There’s a lesson here, beyond the obvious political one that presidents have many ways to soften the impact of shutdowns on the public, thereby limiting the damage to their own popularity. The bigger lesson is this: We need government.
The people who make sure tax refunds go out. The Agriculture Department employees who process loans, also ordered back on the job this week. The 8,000 furloughed diplomats who were recalled Thursday. The National Park Service personnel who are, at present, maintaining these key public assets. These much-maligned public workers perform tasks that the people, through their elected representatives, have deemed necessary to the common good. Some in Trump World may see the current furlough of more than 300,000 workers as an opportunity to prove a point about the alleged superfluousness of much of the federal government. Yet the selective reinstatement of the IRS workers and others tends to prove the opposite point.
Certainly no one could argue that the Coast Guard is “nonessential,” which is why these 42,000 brave men and women have become the first military branch ever asked to serve without pay, due to the quirk that they are part of the unfunded Department of Homeland Security. The same goes for the hard-pressed airport screeners of the Transportation Security Administration. The demoralizing experience of being told to work without pay, for almost a month so far, can only cause many of these key security personnel to reconsider their commitments to government service. Others will be deterred from joining in the first place. Yes, employees will get back pay. But how does the federal government get back its reputation as a stable and, indeed, rational employer?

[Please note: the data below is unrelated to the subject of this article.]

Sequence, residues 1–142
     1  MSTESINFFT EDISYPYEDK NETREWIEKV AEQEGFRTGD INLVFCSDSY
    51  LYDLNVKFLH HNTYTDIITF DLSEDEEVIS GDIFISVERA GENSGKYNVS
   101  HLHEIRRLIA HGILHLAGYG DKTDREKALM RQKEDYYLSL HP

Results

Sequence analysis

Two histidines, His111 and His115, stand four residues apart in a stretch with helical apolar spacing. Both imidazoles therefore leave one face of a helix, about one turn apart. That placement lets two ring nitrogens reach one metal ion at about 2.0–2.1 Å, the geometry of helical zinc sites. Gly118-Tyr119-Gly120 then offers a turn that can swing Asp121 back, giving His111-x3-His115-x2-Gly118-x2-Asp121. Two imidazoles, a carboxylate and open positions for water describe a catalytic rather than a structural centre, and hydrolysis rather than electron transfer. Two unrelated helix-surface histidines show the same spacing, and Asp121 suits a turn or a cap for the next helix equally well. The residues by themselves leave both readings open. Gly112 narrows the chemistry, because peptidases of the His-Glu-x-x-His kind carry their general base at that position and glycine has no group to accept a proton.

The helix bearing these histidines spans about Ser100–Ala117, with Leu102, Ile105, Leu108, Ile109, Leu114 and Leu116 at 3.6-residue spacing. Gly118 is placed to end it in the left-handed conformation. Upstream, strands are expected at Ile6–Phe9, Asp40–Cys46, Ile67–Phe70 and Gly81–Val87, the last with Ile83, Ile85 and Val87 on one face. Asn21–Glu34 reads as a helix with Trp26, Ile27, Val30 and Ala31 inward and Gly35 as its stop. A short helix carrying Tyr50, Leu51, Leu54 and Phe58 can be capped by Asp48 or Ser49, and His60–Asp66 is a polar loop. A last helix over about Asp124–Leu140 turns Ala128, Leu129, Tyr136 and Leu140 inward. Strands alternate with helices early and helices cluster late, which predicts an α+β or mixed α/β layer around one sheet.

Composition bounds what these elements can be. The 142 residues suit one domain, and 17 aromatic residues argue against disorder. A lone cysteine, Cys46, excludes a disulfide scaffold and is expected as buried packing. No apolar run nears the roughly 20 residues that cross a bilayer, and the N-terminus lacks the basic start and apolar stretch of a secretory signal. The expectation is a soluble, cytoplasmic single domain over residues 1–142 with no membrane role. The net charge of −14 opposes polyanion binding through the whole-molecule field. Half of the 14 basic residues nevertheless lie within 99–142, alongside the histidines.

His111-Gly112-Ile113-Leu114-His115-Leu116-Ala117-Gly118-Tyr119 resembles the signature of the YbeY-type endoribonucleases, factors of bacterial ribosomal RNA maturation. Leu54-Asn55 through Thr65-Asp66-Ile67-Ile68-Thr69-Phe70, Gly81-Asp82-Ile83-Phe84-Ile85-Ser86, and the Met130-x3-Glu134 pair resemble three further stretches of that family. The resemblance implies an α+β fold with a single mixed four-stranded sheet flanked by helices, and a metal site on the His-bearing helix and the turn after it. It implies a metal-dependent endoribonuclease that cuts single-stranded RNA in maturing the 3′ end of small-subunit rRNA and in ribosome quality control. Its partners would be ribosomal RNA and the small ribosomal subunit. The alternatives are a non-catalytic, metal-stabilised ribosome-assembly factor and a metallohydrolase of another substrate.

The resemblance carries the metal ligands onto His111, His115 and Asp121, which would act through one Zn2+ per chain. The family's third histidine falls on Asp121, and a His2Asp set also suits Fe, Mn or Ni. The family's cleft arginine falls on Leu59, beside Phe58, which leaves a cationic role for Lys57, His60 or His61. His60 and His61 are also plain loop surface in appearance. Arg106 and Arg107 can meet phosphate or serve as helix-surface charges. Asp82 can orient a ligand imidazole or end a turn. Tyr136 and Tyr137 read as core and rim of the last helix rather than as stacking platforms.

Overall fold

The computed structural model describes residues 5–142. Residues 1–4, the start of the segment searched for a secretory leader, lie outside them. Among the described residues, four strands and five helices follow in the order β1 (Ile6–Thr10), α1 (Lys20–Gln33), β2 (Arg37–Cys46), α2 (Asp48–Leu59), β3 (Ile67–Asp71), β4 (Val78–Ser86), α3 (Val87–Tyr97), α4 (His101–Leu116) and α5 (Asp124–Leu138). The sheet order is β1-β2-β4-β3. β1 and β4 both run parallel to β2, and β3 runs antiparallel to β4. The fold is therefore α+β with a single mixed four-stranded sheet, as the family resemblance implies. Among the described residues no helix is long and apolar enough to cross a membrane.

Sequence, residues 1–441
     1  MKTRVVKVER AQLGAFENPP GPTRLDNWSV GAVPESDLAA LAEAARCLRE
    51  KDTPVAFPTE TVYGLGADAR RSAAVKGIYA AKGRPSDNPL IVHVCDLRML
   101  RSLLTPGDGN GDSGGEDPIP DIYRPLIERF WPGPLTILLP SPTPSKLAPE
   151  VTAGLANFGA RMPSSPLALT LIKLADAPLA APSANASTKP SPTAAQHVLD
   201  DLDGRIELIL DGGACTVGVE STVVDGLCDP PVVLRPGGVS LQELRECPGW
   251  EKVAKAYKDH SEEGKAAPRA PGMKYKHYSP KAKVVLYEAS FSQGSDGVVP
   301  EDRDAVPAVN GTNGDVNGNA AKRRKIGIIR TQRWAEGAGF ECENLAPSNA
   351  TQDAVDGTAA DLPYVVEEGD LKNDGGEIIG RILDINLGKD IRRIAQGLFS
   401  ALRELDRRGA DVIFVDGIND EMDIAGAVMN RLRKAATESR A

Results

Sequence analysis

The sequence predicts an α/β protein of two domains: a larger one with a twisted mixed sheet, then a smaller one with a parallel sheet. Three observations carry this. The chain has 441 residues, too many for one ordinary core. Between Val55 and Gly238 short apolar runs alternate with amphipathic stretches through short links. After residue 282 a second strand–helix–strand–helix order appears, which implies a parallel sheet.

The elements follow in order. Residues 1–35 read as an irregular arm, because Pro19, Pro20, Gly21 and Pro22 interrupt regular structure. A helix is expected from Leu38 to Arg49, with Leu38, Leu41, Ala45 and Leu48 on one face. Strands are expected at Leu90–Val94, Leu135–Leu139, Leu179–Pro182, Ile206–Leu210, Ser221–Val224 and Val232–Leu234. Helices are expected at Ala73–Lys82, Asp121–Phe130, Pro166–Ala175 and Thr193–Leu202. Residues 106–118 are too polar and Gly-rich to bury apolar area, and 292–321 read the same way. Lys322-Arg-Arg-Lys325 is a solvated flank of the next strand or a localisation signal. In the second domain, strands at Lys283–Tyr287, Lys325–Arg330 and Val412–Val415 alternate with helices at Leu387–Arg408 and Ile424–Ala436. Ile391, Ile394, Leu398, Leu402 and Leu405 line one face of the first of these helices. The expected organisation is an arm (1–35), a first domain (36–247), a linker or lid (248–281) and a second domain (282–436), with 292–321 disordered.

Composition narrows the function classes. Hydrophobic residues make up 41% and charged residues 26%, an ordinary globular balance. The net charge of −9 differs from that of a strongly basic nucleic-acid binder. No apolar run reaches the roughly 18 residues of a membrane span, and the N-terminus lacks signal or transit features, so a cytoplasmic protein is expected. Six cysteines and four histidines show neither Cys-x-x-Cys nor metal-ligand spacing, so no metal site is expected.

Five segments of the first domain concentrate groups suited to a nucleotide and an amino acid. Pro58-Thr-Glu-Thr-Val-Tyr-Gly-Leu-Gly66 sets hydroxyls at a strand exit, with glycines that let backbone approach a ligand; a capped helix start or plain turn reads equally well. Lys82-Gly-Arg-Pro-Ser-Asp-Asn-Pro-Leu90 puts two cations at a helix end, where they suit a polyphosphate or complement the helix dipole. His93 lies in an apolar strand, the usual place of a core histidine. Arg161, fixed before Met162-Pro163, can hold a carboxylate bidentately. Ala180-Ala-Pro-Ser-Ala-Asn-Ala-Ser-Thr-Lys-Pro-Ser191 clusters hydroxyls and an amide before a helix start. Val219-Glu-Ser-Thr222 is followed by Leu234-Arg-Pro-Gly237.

Of course there’s waste and incompetence in the federal government, as we have pointed out on numerous occasions and in numerous contexts. A surefire way to get more waste and incompetence, however, is to demonstrate to America’s best and brightest that they would be foolish to work for the government. Even if the shutdown were to end tomorrow — as, alas, it appears unlikely to do — the message of contempt it sends to federal workers, and the negative impact it may have on recruitment, could take years to reverse.